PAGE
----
The main purpose of the Board of Inquiry is to examine circumstances and facts surrounding a military accident. This typically includes when accidents lead to death.
They are also responsible for preventing similar military accidents from reoccurring by identifying any possible safety factors, including equipment improvements, working practices and procedures. The Board of Inquiry take any relevant recommendations to responsible senior officers.
What the Board of Inquiry does
Addressing specific questions as set out within its terms of reference, the Board of Inquiry will:
- Gather evidence
- Interview witnesses
- Establish facts
- Examine relevant procedures
- Assess whether procedures require amendment
- Identify potential lessons to be learned from the incident
- Make recommendations to prevent recurrences if and when possible
- Document and submit findings, recommendations and conclusions for review and acceptance by senior officers
At no point during the investigation will the Board of Inquiry attribute negligence, blame or recommend disciplinary action against anyone connected to the incident.
Copies of the report
In the case that a military accident is the cause of death/s, the next of kin of the deceased individual/s will be kept informed of proceedings at varying stages. They will also receive a copy of the final report, consisting of the Board of Inquiry’s convening order and terms of reference, as well as findings, recommendations and conclusions. Senior officers’ comments based on the gathered information will also be included.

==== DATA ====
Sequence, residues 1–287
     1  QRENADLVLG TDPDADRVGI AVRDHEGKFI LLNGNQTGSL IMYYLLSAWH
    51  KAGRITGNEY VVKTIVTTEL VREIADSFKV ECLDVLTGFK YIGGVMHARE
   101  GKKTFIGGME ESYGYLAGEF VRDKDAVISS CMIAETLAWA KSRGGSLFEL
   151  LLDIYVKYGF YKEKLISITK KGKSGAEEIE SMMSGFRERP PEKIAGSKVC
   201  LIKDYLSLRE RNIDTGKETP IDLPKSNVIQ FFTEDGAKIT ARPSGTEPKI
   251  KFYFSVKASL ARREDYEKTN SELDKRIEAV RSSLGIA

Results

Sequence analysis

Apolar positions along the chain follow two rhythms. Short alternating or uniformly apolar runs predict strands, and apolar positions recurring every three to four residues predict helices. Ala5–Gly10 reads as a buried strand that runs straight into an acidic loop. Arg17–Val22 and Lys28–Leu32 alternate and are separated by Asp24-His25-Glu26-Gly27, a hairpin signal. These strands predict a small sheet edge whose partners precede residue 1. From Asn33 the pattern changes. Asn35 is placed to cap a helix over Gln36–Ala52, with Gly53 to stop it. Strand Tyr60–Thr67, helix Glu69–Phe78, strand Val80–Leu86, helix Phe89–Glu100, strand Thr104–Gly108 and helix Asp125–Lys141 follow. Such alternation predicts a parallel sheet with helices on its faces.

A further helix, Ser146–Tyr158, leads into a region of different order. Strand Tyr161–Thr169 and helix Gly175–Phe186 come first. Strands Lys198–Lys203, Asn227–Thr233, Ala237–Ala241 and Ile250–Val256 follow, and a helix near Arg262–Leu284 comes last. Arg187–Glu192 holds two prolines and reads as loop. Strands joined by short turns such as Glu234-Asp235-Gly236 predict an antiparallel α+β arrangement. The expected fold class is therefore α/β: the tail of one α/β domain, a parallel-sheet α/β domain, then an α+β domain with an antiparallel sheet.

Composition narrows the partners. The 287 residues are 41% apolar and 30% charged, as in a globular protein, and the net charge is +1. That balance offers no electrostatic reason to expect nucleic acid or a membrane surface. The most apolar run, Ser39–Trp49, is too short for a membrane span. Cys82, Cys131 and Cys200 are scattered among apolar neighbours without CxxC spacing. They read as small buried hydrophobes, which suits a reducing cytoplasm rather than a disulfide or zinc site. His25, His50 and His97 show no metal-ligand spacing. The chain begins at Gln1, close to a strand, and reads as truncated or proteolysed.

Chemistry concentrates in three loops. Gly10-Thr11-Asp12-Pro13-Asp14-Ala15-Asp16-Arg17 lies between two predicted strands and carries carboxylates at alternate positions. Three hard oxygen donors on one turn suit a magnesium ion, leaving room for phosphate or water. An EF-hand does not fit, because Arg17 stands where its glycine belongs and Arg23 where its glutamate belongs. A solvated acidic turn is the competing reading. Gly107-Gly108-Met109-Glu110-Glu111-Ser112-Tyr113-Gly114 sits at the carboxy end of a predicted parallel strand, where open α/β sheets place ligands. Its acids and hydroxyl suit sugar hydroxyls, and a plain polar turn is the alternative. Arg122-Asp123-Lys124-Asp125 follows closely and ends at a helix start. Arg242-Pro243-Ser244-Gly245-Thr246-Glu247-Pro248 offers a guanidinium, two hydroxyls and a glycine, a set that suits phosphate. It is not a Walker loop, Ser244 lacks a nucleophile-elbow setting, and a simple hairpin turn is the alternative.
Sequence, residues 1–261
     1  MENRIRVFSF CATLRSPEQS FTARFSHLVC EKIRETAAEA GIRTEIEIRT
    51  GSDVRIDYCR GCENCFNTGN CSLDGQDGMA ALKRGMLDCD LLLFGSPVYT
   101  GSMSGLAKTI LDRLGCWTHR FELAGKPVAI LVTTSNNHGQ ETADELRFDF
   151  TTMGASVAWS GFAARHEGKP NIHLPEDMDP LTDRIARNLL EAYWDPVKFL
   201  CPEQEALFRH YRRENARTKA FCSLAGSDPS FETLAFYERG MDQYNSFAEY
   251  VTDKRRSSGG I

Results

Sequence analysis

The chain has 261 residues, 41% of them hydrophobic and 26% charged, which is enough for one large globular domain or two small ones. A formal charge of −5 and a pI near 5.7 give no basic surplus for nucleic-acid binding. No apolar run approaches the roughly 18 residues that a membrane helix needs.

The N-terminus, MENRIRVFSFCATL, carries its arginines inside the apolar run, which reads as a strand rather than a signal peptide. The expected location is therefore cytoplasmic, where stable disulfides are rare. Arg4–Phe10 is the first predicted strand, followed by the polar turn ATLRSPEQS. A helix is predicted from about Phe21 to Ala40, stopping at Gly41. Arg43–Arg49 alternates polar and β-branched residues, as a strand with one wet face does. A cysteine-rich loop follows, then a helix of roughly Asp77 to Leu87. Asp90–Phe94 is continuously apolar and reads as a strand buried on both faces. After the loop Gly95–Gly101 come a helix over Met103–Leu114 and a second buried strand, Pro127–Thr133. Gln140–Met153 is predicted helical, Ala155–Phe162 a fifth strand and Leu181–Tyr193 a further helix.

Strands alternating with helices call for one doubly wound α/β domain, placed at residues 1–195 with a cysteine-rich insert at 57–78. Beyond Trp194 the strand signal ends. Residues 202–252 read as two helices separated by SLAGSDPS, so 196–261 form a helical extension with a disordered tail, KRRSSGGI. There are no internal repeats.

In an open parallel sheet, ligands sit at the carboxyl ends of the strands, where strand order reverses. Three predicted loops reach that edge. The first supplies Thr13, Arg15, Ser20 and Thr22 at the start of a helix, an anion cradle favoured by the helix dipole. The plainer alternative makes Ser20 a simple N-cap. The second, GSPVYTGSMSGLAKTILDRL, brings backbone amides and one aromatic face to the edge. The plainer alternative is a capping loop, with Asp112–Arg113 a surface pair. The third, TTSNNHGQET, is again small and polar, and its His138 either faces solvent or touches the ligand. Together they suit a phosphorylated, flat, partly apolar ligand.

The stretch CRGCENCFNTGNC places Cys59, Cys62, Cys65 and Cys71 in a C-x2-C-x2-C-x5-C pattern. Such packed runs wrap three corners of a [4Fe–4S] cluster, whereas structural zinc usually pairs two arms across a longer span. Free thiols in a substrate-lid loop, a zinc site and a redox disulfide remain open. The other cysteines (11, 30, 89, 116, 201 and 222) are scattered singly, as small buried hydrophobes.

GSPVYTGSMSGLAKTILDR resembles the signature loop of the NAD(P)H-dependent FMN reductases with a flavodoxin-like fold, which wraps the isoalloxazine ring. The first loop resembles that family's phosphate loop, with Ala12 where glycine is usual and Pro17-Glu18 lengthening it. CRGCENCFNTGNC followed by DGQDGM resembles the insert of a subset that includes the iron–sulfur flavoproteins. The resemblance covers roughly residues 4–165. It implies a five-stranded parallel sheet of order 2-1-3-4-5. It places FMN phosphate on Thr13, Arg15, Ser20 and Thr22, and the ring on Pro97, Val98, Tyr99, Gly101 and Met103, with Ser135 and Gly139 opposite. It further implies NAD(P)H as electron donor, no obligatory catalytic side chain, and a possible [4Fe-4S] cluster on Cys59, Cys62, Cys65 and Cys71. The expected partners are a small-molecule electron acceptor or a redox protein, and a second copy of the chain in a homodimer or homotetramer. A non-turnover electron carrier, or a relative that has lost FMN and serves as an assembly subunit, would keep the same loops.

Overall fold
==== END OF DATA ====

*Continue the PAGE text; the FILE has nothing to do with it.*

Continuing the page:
Documents revealing supporting evidence may be requested, but it may not be possible for everything to be released. Released documents may also be edited to remove security sensitive, personal or otherwise confidential information.
While these documents do not attribute blame, the findings, witness interviews, etc contained therein may come in handy as supporting evidence during a compensation claim.
Serving in the military is obviously a very dangerous occupation. Participating in combat invariably involves risks, and injuries are inevitable.
The Ministry of Defence does, however, have a duty to protect employees against avoidable military injuries, just like other employers have a duty to prevent accidents at work. This includes adequate training, provision of suitable, functional equipment and reduction of potential risks when and where possible.
When avoidable accidents happen
If you sustained an avoidable injury during military service, such as road or air crashes, parachute accidents or explosions, diving or negligent discharges, for example, you may be entitled to make a military injury claim, just as a civilian employee may claim for work injury compensation if he or she suffered an injury at work.
To get the best possible, most experienced legal assistance in conducting your claim, call our Accident Advice Helpline team on 0800 689 0500.
Date Published: March 2, 2015
Author: Accident Advice